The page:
World Media

PM Imran arrives in Islamabad after successful China visit

External affairs minister S Jaishankar held meetings with several top US officials in Washington during his three-day trip

The Chinese foreign ministry on Thursday said the "preparations" for gifts for Modi and Nepal's President Bidhya Devi Bhandari had been made.

According to sources, no documents would be signed nor a joint communiqué would be issued as the talks were informal and unstructured.

India recently upgraded its participation in the Quad -- a grouping with the US, Australia, and Japan that Washington hopes will counter China in the Asia-Pacific region.

The share of bilateral commercial transactions at present is trivial in comparison with the two countries' overall trade and investment with other countries but these have many scopes to expand in the coming years if they can controls their political differences on the Kashmir issue.

In 2017, a standoff occurred at the Doklam border as India resisted a road being built in the region by China, and earlier this month, Chinese and Indian military clashed again when the Chinese People's Liberation Army objected to Indian patrols in Ladakh. Mr Jinping and Prime Minister Narendra Modi had their inaugural Informal Summit in Wuhan, China in April past year.

This mixed messaging is part of China's diplomatic arsenal and instead of feeling jubilant and depressed by turns, Indian media would do well to take note of External Affairs Minister S Jaishankar's recent comments at a program organised by New York-based Council on Foreign Relations where he said: "Considering that worldwide affairs is a business of realism... there are differences we have with China".

India has maintained that Kashmir is an internal matter and all steps taken there are to prevent violence.

China's position on the Kashmir issue is clear and consistent, a Chinese government spokesperson said, adding that it is a legacy of history between India and Pakistan, which it says is also the consensus of the global community.

Xi, during a meeting with Khan in Beijing on Wednesday, told the Pakistan prime minister that "the rights and wrongs of the situation in Kashmir are clear", China Central Television reported.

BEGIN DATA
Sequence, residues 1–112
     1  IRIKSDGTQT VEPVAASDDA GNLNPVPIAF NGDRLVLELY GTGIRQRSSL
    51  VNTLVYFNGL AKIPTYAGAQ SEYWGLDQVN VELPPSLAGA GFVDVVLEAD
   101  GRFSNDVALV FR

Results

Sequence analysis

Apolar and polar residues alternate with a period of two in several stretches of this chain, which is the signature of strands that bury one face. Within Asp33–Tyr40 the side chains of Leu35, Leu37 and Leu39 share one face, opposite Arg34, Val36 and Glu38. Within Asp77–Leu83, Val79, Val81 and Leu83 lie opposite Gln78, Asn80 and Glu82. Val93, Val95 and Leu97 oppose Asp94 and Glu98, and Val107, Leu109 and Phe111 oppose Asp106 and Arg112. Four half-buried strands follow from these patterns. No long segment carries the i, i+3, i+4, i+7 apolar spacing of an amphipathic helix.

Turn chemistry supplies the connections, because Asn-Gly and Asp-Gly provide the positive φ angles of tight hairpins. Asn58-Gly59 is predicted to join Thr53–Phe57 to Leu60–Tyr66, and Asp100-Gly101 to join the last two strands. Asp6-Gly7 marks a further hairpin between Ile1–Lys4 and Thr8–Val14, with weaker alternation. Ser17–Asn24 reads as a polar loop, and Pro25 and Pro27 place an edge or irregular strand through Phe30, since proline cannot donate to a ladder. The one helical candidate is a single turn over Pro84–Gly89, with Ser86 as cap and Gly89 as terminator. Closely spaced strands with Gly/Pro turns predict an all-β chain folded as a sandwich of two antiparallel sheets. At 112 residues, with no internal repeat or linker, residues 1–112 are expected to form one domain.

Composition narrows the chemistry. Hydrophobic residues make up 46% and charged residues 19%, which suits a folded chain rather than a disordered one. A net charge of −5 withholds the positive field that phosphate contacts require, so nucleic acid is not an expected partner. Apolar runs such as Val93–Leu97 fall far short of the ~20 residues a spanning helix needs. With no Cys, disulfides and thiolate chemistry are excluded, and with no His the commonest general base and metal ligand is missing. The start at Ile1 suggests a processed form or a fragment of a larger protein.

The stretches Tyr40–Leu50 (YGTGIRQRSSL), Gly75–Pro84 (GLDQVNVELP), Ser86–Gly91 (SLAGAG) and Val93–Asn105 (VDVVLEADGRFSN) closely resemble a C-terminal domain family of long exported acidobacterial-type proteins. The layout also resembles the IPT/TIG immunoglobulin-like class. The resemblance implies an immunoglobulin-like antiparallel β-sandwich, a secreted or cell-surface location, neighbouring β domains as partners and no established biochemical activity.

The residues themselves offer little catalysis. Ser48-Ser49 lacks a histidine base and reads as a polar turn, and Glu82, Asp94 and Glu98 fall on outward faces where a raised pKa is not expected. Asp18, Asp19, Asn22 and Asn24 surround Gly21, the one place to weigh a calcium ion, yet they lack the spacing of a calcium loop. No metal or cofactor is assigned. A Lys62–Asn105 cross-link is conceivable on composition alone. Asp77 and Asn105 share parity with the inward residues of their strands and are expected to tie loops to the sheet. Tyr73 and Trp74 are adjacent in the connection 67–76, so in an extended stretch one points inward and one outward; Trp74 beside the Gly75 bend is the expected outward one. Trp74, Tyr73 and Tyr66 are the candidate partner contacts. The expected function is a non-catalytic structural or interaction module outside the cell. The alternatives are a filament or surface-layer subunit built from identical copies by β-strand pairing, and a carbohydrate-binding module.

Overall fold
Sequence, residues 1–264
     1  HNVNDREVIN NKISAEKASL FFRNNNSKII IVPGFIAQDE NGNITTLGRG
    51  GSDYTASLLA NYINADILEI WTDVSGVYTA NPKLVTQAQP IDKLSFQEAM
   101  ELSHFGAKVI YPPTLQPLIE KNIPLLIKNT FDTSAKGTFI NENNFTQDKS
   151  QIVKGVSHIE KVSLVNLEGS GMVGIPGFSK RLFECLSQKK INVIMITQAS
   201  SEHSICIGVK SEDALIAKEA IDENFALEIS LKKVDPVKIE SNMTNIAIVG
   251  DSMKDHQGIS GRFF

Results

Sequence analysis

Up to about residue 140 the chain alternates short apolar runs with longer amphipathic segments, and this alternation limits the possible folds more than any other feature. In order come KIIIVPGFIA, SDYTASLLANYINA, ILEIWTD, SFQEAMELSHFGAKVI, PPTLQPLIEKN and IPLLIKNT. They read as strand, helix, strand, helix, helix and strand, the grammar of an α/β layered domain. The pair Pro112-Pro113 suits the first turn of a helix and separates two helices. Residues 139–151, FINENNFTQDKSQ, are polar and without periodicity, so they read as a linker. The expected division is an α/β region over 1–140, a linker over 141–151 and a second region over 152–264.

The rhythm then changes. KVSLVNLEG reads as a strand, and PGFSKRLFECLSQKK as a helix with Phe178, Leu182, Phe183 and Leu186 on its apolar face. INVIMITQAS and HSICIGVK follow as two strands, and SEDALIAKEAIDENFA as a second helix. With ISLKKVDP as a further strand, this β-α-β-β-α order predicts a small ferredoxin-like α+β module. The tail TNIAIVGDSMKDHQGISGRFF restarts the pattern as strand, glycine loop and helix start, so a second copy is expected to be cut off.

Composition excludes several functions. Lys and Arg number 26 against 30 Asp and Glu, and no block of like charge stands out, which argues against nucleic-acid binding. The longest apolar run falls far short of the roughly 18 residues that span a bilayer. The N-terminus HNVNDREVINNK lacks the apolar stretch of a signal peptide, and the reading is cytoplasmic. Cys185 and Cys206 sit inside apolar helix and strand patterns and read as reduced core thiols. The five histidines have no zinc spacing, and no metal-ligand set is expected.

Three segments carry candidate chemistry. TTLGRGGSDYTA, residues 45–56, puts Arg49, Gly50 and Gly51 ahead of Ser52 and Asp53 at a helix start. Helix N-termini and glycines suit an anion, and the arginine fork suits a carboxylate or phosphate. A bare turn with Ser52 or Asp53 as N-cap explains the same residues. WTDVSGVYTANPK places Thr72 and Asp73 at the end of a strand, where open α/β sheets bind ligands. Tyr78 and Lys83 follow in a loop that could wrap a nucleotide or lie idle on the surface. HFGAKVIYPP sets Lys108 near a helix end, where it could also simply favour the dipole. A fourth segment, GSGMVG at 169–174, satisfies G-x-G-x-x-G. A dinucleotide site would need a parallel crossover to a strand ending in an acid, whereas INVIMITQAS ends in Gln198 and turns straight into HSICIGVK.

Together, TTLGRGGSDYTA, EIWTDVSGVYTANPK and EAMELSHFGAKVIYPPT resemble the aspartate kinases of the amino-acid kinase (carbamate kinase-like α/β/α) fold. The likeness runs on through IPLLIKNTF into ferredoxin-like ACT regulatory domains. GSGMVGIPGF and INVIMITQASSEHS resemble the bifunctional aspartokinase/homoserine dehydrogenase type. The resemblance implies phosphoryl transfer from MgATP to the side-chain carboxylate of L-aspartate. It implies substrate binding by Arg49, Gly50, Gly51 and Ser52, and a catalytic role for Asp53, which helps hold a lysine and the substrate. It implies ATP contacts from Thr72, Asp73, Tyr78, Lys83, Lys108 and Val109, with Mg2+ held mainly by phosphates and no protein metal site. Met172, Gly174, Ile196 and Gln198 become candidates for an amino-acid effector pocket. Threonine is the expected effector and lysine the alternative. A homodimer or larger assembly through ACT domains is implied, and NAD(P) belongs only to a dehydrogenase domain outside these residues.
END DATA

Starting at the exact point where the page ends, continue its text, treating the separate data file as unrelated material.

The meeting comes as Xi welcomed Pakistani Prime Minister Imran Khan in Beijing this week.

"There have been wide gaps between our expectations and the Chinese (on Kashmir)".

"I do not think Kashmir is an issue".

Meanwhile, reports say that UN Secretary-General Antonio Guterres has reiterated his concern over the alarming human rights situation in Indian-administered Kashmir.

Speaking about housing, he said the country has just started one of its most ambitious housing projects.

"International relations are at its most interesting when there is no clear supremacy or hegemony being established", said Amitabh Mattoo, a professor of politics at Jawaharlal Nehru University in New Delhi.

However, Foreign Ministry spokesman Geng Shuang on Tuesday said the Kashmir issue should be resolved bilaterally, significantly omitting its recent references to the UN and UN Security Council resolutions.

"India and China both have a problem (currently) in resurrecting economic growth rates".

Besides commercial ties, tourism is a largely untapped area, which can further enhance the bilateral relationship through people's interaction from both sides. "And both are concerned that border security should not slip and raise tensions", said Prof Kondapalli. President Xi Jinping lauded Pakistan's efforts to expeditiously execute the CPEC projects and stressed that it would help national and regional economic development process.